71 LUTETIUM Lu (Latin: Lutetia = Paris)

Lutetium is a trivalent rare earth metallic element being the hardest and densest of the lanthanide series. The spelling of this element was changed from lutecium to lutetium in 1949, but sometimes called cassiopeium by the Germans. It is one of the rarer lanthanides, slightly more abundant than thulium. The metal is relatively stable in air.

Lutetium is present in very small amounts in nearly all minerals containing yttrium, and is present in monazite, a principal source, to the extent of 0.003%.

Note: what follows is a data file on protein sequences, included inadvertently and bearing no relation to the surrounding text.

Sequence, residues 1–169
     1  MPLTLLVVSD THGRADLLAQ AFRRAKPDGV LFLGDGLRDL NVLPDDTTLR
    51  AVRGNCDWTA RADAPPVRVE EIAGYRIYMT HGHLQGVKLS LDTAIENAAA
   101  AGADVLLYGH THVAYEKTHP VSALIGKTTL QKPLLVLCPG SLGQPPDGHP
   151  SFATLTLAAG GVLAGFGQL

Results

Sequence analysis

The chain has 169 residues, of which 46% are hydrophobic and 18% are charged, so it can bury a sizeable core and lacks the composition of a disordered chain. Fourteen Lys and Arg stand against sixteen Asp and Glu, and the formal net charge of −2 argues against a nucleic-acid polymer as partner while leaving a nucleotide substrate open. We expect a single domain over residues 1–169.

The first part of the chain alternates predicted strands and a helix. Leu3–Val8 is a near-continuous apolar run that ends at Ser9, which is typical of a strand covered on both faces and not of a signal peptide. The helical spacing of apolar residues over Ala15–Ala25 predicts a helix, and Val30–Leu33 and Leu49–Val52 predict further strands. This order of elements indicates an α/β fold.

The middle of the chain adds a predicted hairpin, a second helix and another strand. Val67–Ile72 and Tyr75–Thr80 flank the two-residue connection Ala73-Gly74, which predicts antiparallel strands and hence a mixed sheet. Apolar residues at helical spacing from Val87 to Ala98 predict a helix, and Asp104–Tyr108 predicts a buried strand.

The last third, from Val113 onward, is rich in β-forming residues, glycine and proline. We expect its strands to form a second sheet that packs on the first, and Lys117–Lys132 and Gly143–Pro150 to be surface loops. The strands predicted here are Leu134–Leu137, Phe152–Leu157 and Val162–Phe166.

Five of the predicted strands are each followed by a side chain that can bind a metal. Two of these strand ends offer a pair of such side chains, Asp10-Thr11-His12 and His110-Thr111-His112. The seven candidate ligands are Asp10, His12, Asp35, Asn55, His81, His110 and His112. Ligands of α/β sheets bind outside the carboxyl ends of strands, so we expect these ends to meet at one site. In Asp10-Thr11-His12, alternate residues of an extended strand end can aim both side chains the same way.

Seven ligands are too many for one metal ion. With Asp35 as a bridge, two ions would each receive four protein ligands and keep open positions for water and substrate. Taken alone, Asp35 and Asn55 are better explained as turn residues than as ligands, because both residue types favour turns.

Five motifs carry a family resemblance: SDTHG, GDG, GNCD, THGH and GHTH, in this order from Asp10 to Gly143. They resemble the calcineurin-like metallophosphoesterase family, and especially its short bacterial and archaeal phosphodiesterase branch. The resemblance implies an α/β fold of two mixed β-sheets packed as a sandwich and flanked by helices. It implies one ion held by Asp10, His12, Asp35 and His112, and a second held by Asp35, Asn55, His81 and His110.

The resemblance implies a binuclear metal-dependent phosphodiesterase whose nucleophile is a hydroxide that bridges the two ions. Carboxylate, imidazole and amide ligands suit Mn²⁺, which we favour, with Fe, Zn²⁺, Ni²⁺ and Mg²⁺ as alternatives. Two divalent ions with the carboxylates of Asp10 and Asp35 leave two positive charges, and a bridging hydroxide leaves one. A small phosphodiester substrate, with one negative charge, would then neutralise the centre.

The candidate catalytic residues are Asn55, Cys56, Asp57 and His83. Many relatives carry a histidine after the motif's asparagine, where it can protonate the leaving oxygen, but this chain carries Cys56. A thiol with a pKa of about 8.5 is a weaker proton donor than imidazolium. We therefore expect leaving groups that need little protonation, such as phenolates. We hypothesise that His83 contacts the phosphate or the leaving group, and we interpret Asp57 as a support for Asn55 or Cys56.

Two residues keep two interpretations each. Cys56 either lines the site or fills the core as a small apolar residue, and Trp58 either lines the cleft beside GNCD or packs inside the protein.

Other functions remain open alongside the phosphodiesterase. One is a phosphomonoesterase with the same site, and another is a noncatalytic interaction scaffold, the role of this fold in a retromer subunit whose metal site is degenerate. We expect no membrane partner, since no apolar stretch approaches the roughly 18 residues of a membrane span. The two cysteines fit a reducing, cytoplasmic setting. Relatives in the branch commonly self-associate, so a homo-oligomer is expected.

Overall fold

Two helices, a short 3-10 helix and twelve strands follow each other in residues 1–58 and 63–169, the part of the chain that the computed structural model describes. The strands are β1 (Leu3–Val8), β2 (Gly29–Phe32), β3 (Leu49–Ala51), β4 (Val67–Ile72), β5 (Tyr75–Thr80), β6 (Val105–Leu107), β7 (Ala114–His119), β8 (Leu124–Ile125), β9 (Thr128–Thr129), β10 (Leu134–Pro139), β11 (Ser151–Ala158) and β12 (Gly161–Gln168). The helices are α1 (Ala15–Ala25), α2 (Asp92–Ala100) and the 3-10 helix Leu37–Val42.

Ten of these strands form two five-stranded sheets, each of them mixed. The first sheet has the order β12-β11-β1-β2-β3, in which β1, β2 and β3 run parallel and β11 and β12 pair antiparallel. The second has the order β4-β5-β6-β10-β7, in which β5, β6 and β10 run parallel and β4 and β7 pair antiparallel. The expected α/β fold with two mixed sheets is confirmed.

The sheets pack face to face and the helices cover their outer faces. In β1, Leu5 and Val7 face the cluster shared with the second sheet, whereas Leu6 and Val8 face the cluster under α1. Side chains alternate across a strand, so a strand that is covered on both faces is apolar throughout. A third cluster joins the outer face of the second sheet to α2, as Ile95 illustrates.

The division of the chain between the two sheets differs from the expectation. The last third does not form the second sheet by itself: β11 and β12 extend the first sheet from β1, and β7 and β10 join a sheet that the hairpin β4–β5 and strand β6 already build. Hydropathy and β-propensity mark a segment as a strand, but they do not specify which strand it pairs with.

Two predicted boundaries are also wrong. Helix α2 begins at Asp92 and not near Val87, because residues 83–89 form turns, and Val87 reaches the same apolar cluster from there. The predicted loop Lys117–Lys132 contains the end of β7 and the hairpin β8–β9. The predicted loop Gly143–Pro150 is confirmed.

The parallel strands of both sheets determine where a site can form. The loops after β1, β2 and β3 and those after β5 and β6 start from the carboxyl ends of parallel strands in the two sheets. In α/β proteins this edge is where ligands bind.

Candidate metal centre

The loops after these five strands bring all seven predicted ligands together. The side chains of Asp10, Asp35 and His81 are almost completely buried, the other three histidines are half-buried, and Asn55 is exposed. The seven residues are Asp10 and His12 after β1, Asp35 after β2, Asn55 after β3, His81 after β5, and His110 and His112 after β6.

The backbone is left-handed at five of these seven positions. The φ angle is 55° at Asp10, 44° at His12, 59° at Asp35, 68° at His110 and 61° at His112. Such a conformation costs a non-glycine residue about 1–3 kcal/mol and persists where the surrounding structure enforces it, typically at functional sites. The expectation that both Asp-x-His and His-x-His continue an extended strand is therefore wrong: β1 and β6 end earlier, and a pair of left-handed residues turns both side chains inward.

Lutetium, like other rare earths, has a low toxicity, but should be handled with care.

Natural lutetium is radioactive, and consists of two isotopes, 97.4% of the stable lutetium-175 and 2.6% of the unstable, beta decaying lutetium-176 which is radioactive with a half life of 30 thousand million years. Stable lutetium isotopes, which emit pure beta radiation after thermal neutron activation, can be used as catalysts in cracking, alkylation, hydrogenation and polymerization. Virtually no other commercial uses of lutetium have yet been found, as it is still one of the most costly natural elements. A total of 36 radioactive isotopes are known, ranging from the proton dripping lutetium-151 to the beta decaying lutetium-183.

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